You needn't worry about not feeling brave. Our Lord didn't—see the scene in Gethsemane. How thankful I am that when God became man he did not choose to become a man of iron nerves . …Especially don't worry about being brave over merely possible evils in the future . …If and when a horror turns up you will then be given Grace to help you. I don't think one is usually given it in advance. "Give us our daily bread" (not an annuity for life) applies to spiritual gifts too; the little daily support for the daily trial. Life has to be taken day by day and hour by hour.

In light of all this, I guess that Chambers and Lewis, were they back with us, would direct us as follows: Accept tightened security. Take all precautions that are responsibly certified as reasonable and desirable. While keeping watch and being careful, always remember that God is in charge and Romans 8:28 is true—he is working for the good of all those who love him. And, finally, pray for courage to cope with whatever comes, in the confidence that Isaac Watts was right when he wrote:

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Should all the hosts of death
And powers of hell unknown
Put their most dreadful forms
Of rage and malice on,
I shall be safe, for Christ displays
Superior power and guardian grace.

Here, surely, is the wisdom and comfort we all need today.

J.I. Packer is an executive editor of CT, Board of Governors professor of theology at Regent College in Vancouver, and General Editor of the new English Standard Version Bible from Crossway Books.

Related Elsewhere

A ready-to-download Bible Study on this article is available at These unique Bible studies use articles from current issues of Christianity Today to prompt thought-provoking discussions in adult Sunday school classes or small groups.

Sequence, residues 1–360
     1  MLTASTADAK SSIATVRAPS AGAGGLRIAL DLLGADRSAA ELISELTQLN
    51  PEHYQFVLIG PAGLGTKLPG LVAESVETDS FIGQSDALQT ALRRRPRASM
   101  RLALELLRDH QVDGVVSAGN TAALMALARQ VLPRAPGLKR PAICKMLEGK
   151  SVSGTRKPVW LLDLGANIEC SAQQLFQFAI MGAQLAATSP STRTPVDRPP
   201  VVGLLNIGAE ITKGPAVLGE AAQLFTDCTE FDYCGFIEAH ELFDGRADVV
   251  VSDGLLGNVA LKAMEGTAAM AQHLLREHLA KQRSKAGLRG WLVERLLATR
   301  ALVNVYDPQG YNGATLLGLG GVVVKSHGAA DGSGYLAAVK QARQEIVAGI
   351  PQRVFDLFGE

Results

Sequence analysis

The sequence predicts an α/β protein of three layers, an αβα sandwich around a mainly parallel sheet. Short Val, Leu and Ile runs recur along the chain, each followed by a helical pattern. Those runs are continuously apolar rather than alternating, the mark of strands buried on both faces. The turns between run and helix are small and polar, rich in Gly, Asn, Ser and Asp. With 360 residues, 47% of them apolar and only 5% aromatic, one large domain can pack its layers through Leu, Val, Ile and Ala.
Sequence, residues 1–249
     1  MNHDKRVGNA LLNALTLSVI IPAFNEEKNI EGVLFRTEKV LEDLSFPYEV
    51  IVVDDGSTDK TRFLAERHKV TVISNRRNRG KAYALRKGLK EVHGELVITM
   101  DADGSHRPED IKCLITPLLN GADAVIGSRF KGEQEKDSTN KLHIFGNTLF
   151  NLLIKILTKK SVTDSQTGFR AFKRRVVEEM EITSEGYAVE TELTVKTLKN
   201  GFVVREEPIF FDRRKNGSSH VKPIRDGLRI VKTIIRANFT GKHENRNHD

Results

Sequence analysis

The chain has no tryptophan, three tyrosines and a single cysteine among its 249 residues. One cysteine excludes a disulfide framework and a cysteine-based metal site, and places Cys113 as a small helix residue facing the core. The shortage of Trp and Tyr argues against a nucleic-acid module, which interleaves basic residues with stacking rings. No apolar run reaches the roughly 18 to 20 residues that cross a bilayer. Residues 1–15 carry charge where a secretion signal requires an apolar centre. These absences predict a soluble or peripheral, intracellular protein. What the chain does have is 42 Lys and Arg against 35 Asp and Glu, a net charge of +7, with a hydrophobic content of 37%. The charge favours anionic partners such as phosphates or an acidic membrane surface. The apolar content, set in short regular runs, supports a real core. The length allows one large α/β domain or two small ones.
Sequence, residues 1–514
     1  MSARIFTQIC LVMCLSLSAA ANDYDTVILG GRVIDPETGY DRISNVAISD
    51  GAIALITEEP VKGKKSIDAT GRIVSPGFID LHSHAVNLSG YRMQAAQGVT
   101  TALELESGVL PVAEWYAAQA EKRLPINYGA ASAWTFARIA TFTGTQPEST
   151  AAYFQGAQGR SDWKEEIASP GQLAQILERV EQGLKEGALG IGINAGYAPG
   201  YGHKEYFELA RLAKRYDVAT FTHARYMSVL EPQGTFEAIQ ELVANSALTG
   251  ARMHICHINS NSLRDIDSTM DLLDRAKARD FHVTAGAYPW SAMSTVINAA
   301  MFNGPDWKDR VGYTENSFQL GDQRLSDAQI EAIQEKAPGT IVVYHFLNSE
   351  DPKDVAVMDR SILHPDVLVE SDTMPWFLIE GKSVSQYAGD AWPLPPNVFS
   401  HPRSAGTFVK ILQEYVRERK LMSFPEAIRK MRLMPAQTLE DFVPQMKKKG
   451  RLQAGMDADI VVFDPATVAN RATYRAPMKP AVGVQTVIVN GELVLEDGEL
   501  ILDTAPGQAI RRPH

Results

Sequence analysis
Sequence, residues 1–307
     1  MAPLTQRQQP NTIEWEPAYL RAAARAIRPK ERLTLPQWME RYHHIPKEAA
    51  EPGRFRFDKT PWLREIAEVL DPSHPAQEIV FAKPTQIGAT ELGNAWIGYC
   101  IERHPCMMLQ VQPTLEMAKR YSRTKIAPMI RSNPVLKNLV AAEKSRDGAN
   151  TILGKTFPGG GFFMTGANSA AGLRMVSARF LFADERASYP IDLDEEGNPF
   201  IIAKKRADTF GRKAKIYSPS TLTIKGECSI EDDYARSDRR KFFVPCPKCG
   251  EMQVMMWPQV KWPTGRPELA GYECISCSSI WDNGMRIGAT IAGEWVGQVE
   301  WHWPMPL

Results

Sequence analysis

Chambers's My Utmost for His Highest is published online as daily devotions at the Official Oswald Chambers Daily Devotional site.

The Oswald Chambers Publications Association Ltd. Web site has a biography of Chambers.

Lewis' "Learning in War-Time" appears in The Weight of Glory and Other Addresses (Eerdmans, 1965). Read a student overview of the book's contents.

See David C. Downing's essay "Neither Patriot nor Pacifist, but 'Patient': Lewis on War and Peace."

J.I. Packer wrote on C. S. Lewis for Christianity Today in 1998's "Still Surprised by LewisWhy this nonevangelical Oxford don has become our patron saint."

Christian History has covered C.S. Lewis in issue 7 and issue 65, where Lewis was profiled as one of "The 10 Most Influential Christians of the Twentieth Century."

If it's Lewis you're interested in, Into the Wardrobe should fill your every desire.

The Discovery Institute's C.S. Lewis and Public Life site is another wonderful resource of papers about and by Lewis. Beliefnet also has a series of Lewis-centric articles, including a C.S. Lewis essay contest.